Towards vulnerability and transformation in the church
More than playing church
How our institutional language and attitudes trivialize new church developments
by Mihee Kim-Kort
Children come running at us clapping and shout-singing like my 4-year-olds but enunciating a lot more clearly: G-O-O-D M-O-R-N-I-N-G, GOOD MORNING (WOOT WOOT) GOOD MORNING (WOOT WOOT). They lead us into a bright space with flying leaps and cartwheels. Stained glass windows line one side of the wall near the ceiling and overhead are the dark wooden beams of an early 18th-century church. We walk in, and like good Presbyterians, we sit in the back row but immediately get lovingly reprimanded by a smiling woman named Eileen. But she lets us stay there as we watch 60 children stomp the floor, not only with their feet but their bodies and voices. And we can feel the tremors in our feet.
Then they sing about “being strong and finding that what’s inside helps them to resist the wrong,” and I just weep quietly. I cry any time kids are playing and singing fervidly—sometimes out of weariness and sometimes because it’s all so beautiful.
Later, I meet Savannah. She is a rail in bright, pink kicks. Her short hair falls to her shoulders, making her look a little older than her nine years. I am taken with her green eyes and freckles. She is quiet and shy but smiles so huge as she explains the art on the wall that is hers. I wonder if she is someone that normally needs to be coaxed to talk aloud. She buzzes with pride and excitement, as I see the influence of Matisse and Monet in these tissue-paper and crayon pieces.
Above us there are light bulbs hanging down from the ceiling like huge raindrops suspended in time. It’s a lovely effect—these tiny angels that hover above our heads, reminding me that even when the sun is shining we still need light on the inside.
Some colleagues and I were visiting churches in Philadelphia. We specifically chose, for our tour, the churches that, according to the executive presbyter Ruth Santana, live “on the fringes”—the unconventional ones whose passion and creativity more than make up for their marginal funds and status. The familiar elements of pulpits and pews, table and font, were present but positioned elsewhere or covered in tarps, paint, and bowls glass-blown and bright blue like the ocean. The pews were old and tired but set in a circle like in someone’s living room—cozy and intimate. Bright windows, some stained, some cracked, let in so much light that it was hard not to be overcome by it.
‘I look at these churches on the periphery of our radar and think that all the institutional language used to describe them makes it seem like they’re baby churches, pretend churches, play churches.’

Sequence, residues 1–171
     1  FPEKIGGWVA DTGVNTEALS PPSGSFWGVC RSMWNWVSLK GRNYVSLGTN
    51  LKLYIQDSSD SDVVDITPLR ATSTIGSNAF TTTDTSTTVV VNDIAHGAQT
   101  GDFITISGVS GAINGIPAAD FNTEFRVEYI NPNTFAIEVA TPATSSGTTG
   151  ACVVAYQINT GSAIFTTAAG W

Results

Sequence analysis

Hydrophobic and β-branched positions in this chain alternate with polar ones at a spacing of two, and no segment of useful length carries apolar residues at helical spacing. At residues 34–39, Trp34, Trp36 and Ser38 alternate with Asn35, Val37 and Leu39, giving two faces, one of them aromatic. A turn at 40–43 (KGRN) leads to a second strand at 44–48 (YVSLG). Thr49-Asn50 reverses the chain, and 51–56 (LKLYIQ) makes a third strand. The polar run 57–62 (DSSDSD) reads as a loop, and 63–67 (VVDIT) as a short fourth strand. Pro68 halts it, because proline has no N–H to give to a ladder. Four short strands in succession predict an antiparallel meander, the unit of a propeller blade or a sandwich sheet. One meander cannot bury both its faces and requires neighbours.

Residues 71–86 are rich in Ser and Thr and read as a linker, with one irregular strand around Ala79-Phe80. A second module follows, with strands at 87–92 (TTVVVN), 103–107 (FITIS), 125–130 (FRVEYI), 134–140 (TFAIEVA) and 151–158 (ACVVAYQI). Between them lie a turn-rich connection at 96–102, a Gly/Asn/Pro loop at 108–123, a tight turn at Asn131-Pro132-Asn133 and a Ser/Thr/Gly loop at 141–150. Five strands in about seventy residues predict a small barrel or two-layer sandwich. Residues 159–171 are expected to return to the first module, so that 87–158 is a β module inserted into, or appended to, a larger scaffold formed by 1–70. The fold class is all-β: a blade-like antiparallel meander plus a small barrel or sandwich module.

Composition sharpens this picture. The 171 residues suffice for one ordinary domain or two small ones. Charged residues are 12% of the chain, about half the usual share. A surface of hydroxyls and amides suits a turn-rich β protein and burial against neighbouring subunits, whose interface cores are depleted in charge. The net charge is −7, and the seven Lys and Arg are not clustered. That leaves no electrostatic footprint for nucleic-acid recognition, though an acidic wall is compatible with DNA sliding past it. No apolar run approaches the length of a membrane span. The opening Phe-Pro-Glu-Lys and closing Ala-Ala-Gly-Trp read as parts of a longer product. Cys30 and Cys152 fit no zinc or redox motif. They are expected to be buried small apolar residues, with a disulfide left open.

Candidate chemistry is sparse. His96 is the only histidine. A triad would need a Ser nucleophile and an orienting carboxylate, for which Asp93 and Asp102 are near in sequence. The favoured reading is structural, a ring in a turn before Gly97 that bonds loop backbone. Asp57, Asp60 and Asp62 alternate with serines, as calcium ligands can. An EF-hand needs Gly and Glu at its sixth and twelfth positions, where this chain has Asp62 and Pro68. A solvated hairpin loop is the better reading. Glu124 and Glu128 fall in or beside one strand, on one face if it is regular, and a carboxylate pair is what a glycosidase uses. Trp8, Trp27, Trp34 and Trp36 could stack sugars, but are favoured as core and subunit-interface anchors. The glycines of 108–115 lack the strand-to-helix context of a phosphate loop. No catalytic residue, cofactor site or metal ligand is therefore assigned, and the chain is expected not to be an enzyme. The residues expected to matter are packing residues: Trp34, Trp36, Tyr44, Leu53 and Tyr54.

Now that the trip’s over, I keep asking myself, What is real church? A clergy friend told me her congregation has a “play church” set up in their childcare room and that the kids love to play preacher. I look at these churches on the periphery of our radar and think that all the institutional language used to describe them makes it seem like they’re baby churches, pretend churches, play churches.
But, they are church. Whether we designate them or not with the official language of our institution—charters, new church developments, members—is moot because they are doing the best of church. They’re offering a space to encounter the Triune God. With an extra dose of the love of Jesus, the wild child of the Trinity is allowed to play and run free.
And maybe they are, in a way, performing. They are performing hope. There’s stigma when it comes to talking about church in terms of performance, as though there is something illegitimate and false about it. But, when we recognize how necessary it is to understanding and engaging worship, we see it permeate our ordinary lives day-in and day-out. We embody hope as we chant and step across the room. We express it in our art as we play with colors and mediums. We share stories; we explore with our songs—ones that we know and ones that we make up. We trample the darkness beneath our feet, clutching each other’s hands with shouts of WOOT WOOT.
In the last days it will be, God declares,
that I will pour out my Spirit upon all flesh,
and your sons and your daughters shall prophesy,
and your young men shall see visions,
and your old men shall dream dreams.
Even upon my slaves, both men and women,
in those days I will pour out my Spirit;
and they shall prophesy. (Acts 2:17–18)
These communities are not just playing at church. Though they may bring the fun, experimentation, and youthfulness of play, they are prophesying, seeing visions, and dreaming dreams. That is serious and demanding work, and it deserves our attention.
This is church—walking, singing these dreams.
Mihee Kim-Kort is a Presbyterian pastor and UKirk college minister at Indiana University in Bloomington.